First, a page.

Filippo's Website
        Old Rohlf Blog
        Neal is cool
        Mark Dowd was, in fact, sent back through time to kill the mother of the person who will grow up to challenge SkyNet.

  2 WAHH
  3 JavaScript: The Good Parts
  4 The Browser Hacker's Handbook
  5 Programming Ruby 1.9 & 2.0
  6 SQL Injection Attacks and Defense
  7 The Tangled Web
  8 Android Hacker's Handbook
  9 iOS Hacker's Handbook
 10 Practical Reverse Engineering
 11 Metasploit: The Penetration Tester's Guide
 12 A Bug Hunter's Diary
 13 Cryptography Engineering
 14 Internetworking with TCP/IP Vol. II
 15 Unix Network Programming, Volume 1
 16 Threat Modeling
 17 Computation Structures
 18 Secure Coding in C and C++
 19 Assembly Language and Computer Architecture Using C++ and Java(TM)
 20 Pro Git
 21 Windows Internals, Part 1
 22 Windows Internals, Part 2
 23 An Introduction to Mathematical Cryptography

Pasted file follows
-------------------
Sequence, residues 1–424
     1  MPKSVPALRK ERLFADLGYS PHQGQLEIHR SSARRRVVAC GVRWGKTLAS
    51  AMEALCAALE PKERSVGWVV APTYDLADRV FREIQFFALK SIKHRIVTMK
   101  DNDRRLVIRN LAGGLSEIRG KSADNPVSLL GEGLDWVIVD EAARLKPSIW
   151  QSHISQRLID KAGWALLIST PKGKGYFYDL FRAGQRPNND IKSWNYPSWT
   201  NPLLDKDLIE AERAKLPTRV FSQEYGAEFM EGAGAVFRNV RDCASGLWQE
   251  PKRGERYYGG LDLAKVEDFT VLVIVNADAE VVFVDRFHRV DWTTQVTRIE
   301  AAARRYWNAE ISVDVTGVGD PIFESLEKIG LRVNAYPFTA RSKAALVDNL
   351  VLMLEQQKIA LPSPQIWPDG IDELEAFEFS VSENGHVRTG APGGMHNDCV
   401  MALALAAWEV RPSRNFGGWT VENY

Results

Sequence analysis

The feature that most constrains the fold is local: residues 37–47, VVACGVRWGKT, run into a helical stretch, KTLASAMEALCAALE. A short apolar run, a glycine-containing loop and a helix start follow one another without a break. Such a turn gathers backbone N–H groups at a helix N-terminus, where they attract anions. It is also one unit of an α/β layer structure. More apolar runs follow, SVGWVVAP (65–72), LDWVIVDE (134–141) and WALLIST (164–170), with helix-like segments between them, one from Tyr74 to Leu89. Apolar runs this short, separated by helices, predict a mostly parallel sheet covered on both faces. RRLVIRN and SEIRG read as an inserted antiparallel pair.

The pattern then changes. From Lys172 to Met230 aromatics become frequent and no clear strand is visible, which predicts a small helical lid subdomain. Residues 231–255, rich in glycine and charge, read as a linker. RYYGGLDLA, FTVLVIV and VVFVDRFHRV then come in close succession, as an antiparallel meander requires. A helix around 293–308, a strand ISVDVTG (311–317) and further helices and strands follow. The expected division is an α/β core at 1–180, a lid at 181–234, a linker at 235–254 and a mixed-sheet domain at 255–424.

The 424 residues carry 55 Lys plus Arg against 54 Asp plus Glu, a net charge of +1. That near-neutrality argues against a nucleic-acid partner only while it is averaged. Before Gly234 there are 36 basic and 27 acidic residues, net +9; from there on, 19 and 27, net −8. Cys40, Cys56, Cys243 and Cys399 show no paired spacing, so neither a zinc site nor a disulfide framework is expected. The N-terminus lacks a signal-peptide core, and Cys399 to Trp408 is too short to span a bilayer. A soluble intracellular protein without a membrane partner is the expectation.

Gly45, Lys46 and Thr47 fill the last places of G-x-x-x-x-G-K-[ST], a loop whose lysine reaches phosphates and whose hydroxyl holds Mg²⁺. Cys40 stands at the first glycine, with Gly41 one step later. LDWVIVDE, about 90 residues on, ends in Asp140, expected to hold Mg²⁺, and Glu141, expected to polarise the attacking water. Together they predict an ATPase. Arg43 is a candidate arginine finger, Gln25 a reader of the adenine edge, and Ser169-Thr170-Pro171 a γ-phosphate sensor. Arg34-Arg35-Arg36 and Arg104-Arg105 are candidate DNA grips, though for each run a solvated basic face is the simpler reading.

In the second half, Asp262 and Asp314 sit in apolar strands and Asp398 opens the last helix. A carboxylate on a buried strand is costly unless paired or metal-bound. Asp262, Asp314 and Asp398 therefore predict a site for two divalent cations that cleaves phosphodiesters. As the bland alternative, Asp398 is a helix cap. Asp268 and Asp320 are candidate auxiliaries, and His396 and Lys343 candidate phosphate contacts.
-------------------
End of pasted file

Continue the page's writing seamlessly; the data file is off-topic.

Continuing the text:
Tuesday, September 10, 2013

Post First Meeting

Edit: My email is "kevin" [dot] "hock" [at] "" and have a look at the best reading list ever

I'll be at NYSEC next week and you're welcome to join me (you might want to go next month) but here is the stuff I said I'd make a post about during the meeting. Make sure to watch my favorite security person from 37 to 43 if you haven't already. At the end of the meeting someone gave me their laptop and that works on the projector so I can show everyone how to use Olly and IDA myself next meeting (in two weeks). WebGoat might be a pain to install so DO THIS before the next meeting. If everyone could have Windows in a VM though that would probably be a good idea in the future. Preferably XP but 7 is fine too.

There are two main things I want as a result of this club: